One of my top money tips that involves saving time (and potentially money) is to automate your bill-pay process as much as possible.
Most credit card accounts have auto-bill pay options and even many of my bills can ACH directly out of my checking account.
Why I love these features:
- If you are living in 1997 and still mail or drop off your bills, this saves you both time and money in postage and gas.
- It eliminates late fees from bills that get forgotten, lost or confusion over who in the household was supposed to pay it.
- It frees up mental bandwidth that was previously spent on remembering where the bills are, what is due when, what has gotten paid or not, etc.
- I include some of my own savings as auto-payments each month, such as funding ROTH IRA and college investments accounts. This way they don’t get de-prioritized as other bills come in. You can also set up automatic drafts to a savings account if you’re saving money there for something special.
- Make sure your bank balance has adequate funds to cover the full statement balance on the due date. I use ynab.com to budget, so all my spending comes of categories that are funded at the time I purchase and I also follow their suggestions of building up a 1-month buffer in all categories. (Use my link to get 1 month FREE!)
- Check your accounts for all the bills that come in during a month and then set up the auto-pay all at once, otherwise you’ll wonder which ones are on auto-pay and which ones you have to manually pay. Not all of them note on your statement whether auto-pay is on. Put your passwords somewhere safe.
- When you set them up, they most likely will only be automatically paid on your NEXT statement, not your current statement. So, pay in full now and then next month it will pay for you. (I got caught with this on Kohl’s–it was more of a 2 month wait.)
- If you have irregular bills that come up, set them up for automatic renewal if you know you want to continue use, or use your bank‘s bill-pay system to avoid using a stamp and envelope.
- If you’re into credit card rewards, some bills will let you charge your card instead of drafting directly from your checking. For example, I pay my cable/internet bill on my credit card every month, then my credit card automatically pays on it’s due date. Just know that organizations are charged a fee to use credit cards, so I choose not to put my church/non-profit giving on a credit card because I don’t want them to have a to pay a transaction fee.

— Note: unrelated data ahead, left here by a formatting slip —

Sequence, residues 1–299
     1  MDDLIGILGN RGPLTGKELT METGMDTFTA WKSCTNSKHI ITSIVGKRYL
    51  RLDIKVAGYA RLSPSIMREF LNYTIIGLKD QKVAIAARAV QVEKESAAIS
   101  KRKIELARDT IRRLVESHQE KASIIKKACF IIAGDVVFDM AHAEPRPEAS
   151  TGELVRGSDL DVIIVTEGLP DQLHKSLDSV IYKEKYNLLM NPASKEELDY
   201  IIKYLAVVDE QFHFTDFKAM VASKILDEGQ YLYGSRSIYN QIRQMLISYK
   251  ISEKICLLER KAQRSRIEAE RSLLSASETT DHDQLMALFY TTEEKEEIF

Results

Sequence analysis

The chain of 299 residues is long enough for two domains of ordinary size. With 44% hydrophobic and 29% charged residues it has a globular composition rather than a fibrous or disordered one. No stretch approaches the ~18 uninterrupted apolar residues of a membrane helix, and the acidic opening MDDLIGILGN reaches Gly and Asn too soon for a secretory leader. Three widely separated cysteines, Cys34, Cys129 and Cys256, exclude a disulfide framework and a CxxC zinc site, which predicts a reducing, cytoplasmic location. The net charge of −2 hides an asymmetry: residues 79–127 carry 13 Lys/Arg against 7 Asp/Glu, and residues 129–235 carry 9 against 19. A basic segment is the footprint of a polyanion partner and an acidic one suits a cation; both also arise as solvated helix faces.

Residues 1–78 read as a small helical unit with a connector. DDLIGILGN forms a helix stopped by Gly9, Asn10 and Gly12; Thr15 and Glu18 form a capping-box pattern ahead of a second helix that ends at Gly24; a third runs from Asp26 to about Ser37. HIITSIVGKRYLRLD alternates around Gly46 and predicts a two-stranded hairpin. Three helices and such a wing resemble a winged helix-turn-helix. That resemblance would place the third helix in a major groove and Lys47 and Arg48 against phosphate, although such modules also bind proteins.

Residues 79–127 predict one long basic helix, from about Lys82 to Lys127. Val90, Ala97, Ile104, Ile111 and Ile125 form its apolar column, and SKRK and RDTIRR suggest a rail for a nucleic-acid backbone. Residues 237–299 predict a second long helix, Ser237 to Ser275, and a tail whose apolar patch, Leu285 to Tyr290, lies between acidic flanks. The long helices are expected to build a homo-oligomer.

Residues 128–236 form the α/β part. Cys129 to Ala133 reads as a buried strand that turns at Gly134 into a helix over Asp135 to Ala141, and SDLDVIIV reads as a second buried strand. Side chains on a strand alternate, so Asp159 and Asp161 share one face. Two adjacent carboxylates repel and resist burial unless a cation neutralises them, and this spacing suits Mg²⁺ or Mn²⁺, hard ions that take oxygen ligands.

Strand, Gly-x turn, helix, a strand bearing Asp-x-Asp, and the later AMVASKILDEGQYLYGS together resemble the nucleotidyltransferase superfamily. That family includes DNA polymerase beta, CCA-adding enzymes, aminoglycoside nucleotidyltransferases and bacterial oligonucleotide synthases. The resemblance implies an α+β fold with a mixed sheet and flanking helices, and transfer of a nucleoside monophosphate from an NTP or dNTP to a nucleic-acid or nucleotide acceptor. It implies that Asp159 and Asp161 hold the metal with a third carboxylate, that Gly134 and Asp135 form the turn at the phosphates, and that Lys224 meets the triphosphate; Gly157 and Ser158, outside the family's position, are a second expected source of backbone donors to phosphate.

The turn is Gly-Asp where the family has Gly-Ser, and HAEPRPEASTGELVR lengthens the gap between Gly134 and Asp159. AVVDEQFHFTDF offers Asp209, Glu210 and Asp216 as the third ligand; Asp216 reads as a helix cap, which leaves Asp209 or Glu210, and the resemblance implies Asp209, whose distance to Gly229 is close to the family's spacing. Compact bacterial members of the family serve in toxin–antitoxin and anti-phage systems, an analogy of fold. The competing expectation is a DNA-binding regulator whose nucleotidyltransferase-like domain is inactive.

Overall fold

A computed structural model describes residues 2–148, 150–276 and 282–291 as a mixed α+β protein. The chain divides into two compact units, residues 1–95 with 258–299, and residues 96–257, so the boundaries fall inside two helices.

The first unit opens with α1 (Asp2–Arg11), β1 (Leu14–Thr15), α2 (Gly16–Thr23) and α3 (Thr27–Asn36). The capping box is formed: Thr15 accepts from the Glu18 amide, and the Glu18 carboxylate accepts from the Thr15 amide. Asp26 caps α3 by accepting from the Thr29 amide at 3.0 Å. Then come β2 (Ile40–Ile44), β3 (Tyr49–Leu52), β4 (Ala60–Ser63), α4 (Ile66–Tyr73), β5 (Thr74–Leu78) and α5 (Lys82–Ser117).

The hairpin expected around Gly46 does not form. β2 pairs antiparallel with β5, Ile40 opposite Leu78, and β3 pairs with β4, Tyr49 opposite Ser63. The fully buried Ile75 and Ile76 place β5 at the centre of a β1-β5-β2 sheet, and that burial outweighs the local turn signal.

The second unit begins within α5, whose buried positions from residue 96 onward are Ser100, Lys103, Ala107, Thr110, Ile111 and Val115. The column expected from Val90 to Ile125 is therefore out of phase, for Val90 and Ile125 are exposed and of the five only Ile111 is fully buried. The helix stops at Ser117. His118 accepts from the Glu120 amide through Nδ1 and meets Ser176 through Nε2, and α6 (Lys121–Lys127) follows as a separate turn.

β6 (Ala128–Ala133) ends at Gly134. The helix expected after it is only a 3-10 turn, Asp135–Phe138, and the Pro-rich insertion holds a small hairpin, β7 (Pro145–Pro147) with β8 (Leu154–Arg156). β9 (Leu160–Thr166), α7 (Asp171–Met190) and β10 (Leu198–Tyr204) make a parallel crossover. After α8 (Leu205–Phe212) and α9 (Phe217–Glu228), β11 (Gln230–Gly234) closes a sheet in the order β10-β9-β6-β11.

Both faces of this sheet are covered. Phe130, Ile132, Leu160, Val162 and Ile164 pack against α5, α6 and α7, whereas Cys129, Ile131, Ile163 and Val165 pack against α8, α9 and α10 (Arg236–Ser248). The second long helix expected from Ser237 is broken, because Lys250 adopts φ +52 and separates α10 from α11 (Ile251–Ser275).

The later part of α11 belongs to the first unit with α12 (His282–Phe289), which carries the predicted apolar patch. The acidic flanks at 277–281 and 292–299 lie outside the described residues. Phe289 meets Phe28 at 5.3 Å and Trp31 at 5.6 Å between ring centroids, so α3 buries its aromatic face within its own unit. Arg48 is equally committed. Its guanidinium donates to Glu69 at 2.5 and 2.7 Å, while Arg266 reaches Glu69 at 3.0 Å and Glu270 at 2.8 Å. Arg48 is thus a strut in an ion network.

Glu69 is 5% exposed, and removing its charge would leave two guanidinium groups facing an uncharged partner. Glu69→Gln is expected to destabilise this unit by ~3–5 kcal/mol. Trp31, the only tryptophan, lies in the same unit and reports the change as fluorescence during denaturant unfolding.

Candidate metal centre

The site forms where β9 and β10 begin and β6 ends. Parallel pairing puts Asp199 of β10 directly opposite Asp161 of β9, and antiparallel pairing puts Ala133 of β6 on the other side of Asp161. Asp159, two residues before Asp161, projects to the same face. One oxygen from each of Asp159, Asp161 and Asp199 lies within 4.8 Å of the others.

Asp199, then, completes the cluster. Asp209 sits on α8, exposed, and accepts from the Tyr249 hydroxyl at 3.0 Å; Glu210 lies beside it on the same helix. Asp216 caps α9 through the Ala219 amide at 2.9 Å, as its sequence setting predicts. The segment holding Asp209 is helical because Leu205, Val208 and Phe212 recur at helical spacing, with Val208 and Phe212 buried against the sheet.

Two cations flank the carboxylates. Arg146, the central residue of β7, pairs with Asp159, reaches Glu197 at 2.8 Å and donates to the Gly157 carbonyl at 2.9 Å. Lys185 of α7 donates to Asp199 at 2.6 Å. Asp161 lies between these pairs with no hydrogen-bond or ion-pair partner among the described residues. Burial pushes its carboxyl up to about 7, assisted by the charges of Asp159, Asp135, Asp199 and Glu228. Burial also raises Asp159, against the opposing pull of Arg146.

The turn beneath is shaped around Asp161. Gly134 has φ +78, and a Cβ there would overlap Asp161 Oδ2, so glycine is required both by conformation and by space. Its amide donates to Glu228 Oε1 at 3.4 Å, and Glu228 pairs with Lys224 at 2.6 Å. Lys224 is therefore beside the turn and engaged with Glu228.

Ideas of Accounts to Set Up:
- Church Giving
- Other Mission support (example: We sponsor a child through Compassion International and set up automatic payment including birthday and Christmas presents to make sure we don’t miss it.)
- Credit Cards (choice to pay last statement balance, current balance or minimum). If you’re on credit card float/not always able to pay it off every month, at least set it up to draft the minimum automatically and then just send any extra you can. But don’t get late fees to add to the mess!)
- Store Credit Cards (Kohl’s, Amazon, gas card, etc.)
- Mortgage (including if you want extra principle paid each month)
- Cell Phone
- Investment accounts (retirement, college fund)
- Subscriptions like Netflix, Amazon Prime, ID Theft protection, Computer virus protection, software, etc.
If you do have any accounts that don’t allow auto-pay-in-full, at least figure out their online payment system so you can save stamps and trips. For example, if you doctor at a Sanford medical facility, use My Sanford Chart to pay your bills using your HSA debit card. Or at the very least, your bank may have an online bill-pay feature that will send a check for you to any business you set up.
I also recommend Paypal as an easy way to send money to friends or family for all those little things like splitting the cost of a gift or a restaurant ticket. Much easier than sending checks that someone has to cash! Just make sure you send it through “Friends and Family” and don’t send them a “request to pay” or a fee will be charged.
What other tips or ideas can you share on automating your bill-paying process?